9 June 2016

Their report goes on to say..

The law allows people to use the drug in vapor, patch or edible form for certain chronic health conditions, while barring patients from smoking marijuana or growing it at home.

“It’s been a long journey,” Scott Nazzarine said. “There is a huge weight lifted off that we’ve gotten this far. I wish it wouldn’t have taken this (long), it would have been nice to have done this years ago.”

Nazzarine’s daughter, Sophia, had her first seizure when she was eight months old and diagnosed a month later with epilepsy. For years, they have tried multiple drugs, combinations of pills and even two brain surgeries before heading to Colorado to see a specialist who prescribed medical marijuana.

“It’s very concentrated, it’s very very high CBD, which is the medical part of it and very, very low THC, we’re talking like .03 percent,” Nazzarine said. “She went from right before that happened about 20 to 30 seizures a day to one and then zero within three days of starting this, it was absolutely miraculous.”

Kasich’s signature makes Ohio the 25th state to legalize a comprehensive medical marijuana program, according to a count by the National Conference of State Legislatures.

Ohio’s bill drew both support and opposition from Republicans and Democrats when it cleared the Legislature late last month. Lawmakers had moved quickly on the measure as they looked to offset support for a proposed fall ballot issue. The group behind the ballot effort has since dropped its plan and called the legislation “a step forward.”

Mary Haag is CEO and president of Prevention First. She is opposed to the law because marijuana has not been proven as a medicine and needs to go through more studies.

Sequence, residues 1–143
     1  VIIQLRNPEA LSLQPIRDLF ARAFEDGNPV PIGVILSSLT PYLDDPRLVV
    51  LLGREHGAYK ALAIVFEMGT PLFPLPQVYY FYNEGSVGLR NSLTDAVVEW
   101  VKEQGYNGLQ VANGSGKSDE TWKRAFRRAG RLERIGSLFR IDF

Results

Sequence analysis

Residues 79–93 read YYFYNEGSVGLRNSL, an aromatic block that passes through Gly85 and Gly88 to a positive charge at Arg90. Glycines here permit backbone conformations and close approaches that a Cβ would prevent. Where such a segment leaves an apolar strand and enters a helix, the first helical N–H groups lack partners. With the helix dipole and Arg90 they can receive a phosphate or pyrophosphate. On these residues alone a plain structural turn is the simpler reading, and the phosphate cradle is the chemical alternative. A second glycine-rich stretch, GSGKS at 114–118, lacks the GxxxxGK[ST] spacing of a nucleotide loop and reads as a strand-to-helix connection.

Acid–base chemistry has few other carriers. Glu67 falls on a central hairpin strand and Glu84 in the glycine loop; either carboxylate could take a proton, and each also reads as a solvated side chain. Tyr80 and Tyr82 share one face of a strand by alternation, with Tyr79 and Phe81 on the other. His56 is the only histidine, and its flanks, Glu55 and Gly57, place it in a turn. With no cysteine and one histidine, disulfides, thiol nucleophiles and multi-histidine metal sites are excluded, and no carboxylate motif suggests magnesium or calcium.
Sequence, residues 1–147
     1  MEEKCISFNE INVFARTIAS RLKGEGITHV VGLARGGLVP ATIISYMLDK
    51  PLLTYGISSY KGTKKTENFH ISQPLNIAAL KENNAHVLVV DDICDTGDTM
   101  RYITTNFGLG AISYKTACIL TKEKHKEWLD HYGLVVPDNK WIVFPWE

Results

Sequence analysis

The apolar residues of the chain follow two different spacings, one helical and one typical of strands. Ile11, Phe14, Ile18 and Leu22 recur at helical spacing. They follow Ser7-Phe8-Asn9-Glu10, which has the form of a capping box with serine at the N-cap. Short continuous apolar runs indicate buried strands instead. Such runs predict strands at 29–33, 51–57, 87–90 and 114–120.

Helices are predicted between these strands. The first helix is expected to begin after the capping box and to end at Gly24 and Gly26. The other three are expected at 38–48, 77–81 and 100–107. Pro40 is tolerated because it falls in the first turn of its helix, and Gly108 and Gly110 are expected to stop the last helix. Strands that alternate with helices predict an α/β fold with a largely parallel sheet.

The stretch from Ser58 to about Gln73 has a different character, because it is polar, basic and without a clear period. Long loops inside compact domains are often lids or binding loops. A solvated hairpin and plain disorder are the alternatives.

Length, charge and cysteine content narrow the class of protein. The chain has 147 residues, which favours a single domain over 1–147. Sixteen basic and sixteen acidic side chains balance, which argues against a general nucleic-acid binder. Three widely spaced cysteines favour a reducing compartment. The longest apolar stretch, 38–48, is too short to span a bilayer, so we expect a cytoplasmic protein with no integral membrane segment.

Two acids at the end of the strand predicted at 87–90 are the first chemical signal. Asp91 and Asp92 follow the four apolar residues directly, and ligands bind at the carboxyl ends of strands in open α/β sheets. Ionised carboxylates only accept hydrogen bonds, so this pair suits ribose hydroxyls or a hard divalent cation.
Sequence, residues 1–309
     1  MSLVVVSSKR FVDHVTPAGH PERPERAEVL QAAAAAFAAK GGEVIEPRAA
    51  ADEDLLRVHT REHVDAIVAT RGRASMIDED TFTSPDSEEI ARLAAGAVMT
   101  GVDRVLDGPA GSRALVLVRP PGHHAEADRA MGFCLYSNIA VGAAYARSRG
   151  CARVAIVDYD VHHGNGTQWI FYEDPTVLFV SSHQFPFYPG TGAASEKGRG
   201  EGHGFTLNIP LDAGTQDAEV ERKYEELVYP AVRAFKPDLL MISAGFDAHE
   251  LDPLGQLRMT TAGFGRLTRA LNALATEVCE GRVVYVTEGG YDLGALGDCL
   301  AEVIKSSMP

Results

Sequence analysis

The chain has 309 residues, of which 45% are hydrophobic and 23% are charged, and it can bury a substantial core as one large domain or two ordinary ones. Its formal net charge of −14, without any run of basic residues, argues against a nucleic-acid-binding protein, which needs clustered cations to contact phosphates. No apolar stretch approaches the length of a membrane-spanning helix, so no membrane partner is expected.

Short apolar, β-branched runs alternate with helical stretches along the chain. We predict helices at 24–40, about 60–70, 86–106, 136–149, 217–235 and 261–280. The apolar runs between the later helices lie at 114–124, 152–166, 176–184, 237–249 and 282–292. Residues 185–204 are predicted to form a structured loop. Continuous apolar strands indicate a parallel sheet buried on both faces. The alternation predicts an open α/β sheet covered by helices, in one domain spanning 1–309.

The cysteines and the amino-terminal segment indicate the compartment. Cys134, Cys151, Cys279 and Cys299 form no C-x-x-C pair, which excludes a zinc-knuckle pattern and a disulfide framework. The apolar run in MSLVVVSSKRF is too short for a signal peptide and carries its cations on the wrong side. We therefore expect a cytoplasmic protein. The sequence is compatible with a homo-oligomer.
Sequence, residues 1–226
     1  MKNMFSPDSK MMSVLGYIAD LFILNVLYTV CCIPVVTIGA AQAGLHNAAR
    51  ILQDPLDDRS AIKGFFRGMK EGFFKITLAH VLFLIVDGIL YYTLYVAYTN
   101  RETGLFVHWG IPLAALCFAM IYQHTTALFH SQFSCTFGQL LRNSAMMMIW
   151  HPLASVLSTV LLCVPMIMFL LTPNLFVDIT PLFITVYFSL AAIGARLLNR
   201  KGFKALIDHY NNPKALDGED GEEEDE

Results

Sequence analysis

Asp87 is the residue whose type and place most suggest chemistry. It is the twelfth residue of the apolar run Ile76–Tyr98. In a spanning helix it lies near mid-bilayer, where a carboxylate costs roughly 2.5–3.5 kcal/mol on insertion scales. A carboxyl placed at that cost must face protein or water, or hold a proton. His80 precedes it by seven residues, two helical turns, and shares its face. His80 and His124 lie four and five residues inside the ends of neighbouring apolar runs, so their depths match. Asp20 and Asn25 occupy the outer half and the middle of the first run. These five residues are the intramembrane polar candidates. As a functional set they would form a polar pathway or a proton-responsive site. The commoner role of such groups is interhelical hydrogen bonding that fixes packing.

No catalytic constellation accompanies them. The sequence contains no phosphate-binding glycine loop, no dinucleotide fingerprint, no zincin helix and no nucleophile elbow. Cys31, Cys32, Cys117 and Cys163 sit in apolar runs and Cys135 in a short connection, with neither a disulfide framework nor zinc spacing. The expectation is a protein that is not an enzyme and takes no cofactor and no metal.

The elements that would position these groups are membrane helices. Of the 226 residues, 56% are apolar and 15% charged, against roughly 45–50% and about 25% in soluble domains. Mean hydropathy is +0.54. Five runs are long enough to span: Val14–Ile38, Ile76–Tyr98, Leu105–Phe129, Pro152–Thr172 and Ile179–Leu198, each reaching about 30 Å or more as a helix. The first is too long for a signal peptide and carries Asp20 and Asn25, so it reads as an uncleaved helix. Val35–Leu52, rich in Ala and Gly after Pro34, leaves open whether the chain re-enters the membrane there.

“I know it’s frustrating that it takes so long,” Haag said. “There are people (and) I have compassion for them because they have some diseases and conditions that are challenging, difficult to live with. But I think that we owe our public, the public health of our community to do it right. To really deem whether … there really are medicinal components or not.”

Kasich signed the legislation in private. His office announced it in a press release.

The law is slated to take effect in 90 days, though the medical marijuana program won’t be up and running by then. It’s expected to be fully operational in about two years.

The Ohio Department of Commerce, State Medical Board and Board of Pharmacy will all play a role in regulating medical marijuana and those who cultivate, test, use and dispense it.

Employers could continue to enforce drug-testing policies and maintain drug-free workplaces.

Towns could move to ban dispensaries or limit the number of them. The bill also sets some parameters for dispensaries, cultivators and testing laboratories. They could not be located within 500 feet of schools, churches, public libraries, playgrounds or parks.


See Press Release: